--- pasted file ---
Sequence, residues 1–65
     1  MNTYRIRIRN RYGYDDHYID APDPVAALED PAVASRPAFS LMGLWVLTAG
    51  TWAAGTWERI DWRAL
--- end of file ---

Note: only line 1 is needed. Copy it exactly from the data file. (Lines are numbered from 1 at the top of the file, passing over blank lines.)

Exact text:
Sequence, residues 1–65